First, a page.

Greiving Families Act

New York’s Wrongful Death Statute Remains Untouched – For Now

Greiving Families Act


In the waning hours of – the deadline to sign New York’s Grieving Families Act1 into law – Governor Kathy Hochul instead vetoed the legislation, which had passed both houses of the legislature with significant bipartisan support. The Governor had previewed her reservations that morning in an op-ed article, which cited concerns that the legislation could harm a recovering health care system and small businesses in the form of rising insurance premiums.2

Grieving Families Act Overview

The Grieving Families Act (“the act”) sought to amend New York’s wrongful death statute3 by lengthening the statute of limitations, allowing recovery for non-economic damages, and expanding the class of potential beneficiaries. Specifically, the legislation would have extended the statute of limitations from two to three-and-a-half years after the decedent’s death.4

Additionally, instead of permitting only pecuniary damages (including funeral expenses, other estate expenses, and loss of services/support), beneficiaries could claim compensation for grief[,] anguish[,]… and any disorder caused by such grief or anguish[,] as well as loss of companionship and loss of nurture, guidance, counsel, advice, training, and education.5 Finally, the Act would have expanded the class of potential beneficiaries from distributees or parents to include surviving close family members.

The fact finder would have determined who qualified as a close family member by examining the specific circumstances relating to the person’s relationship with the decedent.6 Both pending and subsequently commenced actions would have been subject to the Act’s sweeping changes.

Act Introduction & Criticism

The New York legislature repeatedly considered the Grieving Families Act before its passage last year. Assemblywoman Helene Weinstein (DDist. 41), chair of the Ways and Means Committee and previously Of-Counsel to a Brooklyn-based personal injury firm,7 introduced the bill at least as early as the 1999-2000 session. After it died in the Judiciary Committee, Assemblywoman Weinstein reintroduced the bill in nearly every session, where it continued to die in committee until its passage in 2022. Sponsors in the Senate included John DeFrancisco (RDist. 50), James Lack (RDist. 2), and most recently, Chair of the Judiciary Committee Brad Hoylman-Sigal (DDist. 27).8

Following the Act’s introduction during the 2021-2022 Legislative Session, the New York health care and business sectors criticized the legislation. Milliman, a risk management firm, studied the cost effect of the bill for property-casualty insurers, policyholders, and self-insureds, focusing specifically on medical liability, commercial automobile liability, and general liability lines.9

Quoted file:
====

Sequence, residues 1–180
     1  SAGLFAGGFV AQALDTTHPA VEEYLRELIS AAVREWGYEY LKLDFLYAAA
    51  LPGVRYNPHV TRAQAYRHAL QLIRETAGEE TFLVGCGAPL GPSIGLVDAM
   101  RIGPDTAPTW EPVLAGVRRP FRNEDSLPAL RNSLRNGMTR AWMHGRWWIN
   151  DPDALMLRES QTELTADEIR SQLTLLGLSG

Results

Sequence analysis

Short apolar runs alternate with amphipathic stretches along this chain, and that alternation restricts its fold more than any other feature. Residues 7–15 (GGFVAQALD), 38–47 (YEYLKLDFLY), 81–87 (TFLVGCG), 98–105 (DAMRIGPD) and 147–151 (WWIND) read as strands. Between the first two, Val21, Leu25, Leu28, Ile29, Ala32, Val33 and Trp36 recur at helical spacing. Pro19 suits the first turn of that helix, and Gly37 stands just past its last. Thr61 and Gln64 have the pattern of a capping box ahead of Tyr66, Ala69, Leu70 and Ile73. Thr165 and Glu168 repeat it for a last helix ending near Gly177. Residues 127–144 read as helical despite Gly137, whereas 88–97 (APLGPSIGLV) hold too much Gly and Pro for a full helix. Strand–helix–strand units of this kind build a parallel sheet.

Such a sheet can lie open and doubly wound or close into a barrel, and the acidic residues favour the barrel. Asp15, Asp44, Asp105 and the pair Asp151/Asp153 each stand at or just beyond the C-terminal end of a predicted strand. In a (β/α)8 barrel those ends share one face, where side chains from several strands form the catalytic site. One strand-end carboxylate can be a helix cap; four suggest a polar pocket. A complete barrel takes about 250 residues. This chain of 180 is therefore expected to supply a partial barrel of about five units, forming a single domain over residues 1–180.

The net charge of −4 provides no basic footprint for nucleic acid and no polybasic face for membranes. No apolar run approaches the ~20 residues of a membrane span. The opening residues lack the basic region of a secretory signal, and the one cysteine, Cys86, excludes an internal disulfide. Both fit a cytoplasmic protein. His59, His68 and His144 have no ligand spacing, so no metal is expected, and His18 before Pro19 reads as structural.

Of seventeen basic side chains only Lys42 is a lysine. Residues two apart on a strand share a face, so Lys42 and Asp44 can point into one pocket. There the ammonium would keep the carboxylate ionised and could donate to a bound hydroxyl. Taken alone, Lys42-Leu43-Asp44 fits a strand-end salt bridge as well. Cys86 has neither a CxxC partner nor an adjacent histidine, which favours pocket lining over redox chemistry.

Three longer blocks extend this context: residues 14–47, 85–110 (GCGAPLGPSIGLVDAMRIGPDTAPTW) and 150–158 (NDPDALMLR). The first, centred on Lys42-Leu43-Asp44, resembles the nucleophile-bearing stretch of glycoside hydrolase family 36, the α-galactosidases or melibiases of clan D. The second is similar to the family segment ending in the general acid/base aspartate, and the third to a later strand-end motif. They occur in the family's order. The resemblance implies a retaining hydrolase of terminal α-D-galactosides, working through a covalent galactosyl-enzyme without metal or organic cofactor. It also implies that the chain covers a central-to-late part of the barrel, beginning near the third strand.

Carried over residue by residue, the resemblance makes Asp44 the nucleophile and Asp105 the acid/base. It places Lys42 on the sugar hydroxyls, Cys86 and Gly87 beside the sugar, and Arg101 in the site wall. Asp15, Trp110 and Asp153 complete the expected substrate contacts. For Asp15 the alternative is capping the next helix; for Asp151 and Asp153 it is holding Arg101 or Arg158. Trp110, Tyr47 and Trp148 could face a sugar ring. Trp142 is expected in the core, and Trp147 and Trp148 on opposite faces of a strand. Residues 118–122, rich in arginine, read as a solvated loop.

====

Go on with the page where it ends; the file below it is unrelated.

The firm concluded the Act would cause an overall 12.6% increase – or $2.09 billion – to the annual loss and loss adjustment expenses in New York. As to self-insured entities, the firm estimated annual liability losses could increase by 15.3% – or $1.72 billion. Premiums were forecast to increase by 11.1% ($2.14 billion).10 The study did not account for extending the statute of limitations or expanding the class of potential plaintiffs, which the firm said would have further increased their estimates.

Recent Legislative Backing

The Grieving Families Act passed both houses of the Legislature on , the same day it received committee approval; notably, only six Senators and two members of the Assembly voted against it.11 On , the bill was delivered to Governor Hochul for signature. According to the Governor, she proposed amendments to the legislation several days later that would have exempted medical malpractice claims.

After a month, no consensus was reached, and the Governor published her op-ed, which – in addition to discussing concerns of rising premiums – also noted New York’s “unique” constitutional prohibition against limits on damages.12

Looking Ahead

Given the repeated attempts of members of both houses to pass the Act, we can expect it to reappear on the Legislature’s agenda – either with or without Governor Hochul’s amendments. Of note, while several other states have statutes that allow for monetary compensation for non-pecuniary damages, including grief and anguish, generally speaking, these statutes contain more narrow language than the New York Act, particularly with regard to the class of potential beneficiaries.


(1) A.6770/S.74A

(2) Kathy Kochul, “Let’s Agree on Helping Grieving Families Before Today’s Midnight Deadline

(3) EPTL §5-4.1, et seq.

(4) Compare S.74A, § 1 with EPTL § 5-4.1(1). The Act also would have extended the statute of limitations for claims pertaining to death resulting from the September 11, 2001 attacks by two years to four-and-a-half years. Id.

(5) Compare S.74A, § 2 with EPTL § 5-4.3(a).

(6) Compare S.74A, § 3 with EPTL § 5-4.4(a).

(7) Weinstein, Chase, Messinger & Peters, P.C.

(8) The New York State Senate, Senate Bill S74A

(9) Derek Jones, Jason Kurtz, et al; “Review of New York Bills S.74-A/A. 6770: Proposed Expansion of New York’s Wrongful Death Act

(10) The analysis divided premium increases into the three lines studied: medical liability premiums by 39.5% ($602 million), automobile liability by 6% ($500 million), and general liability by 10.9% ($1.02 billion).

(11) See Footnote 7.

(12) N.Y. Const. Art. I, § 16.

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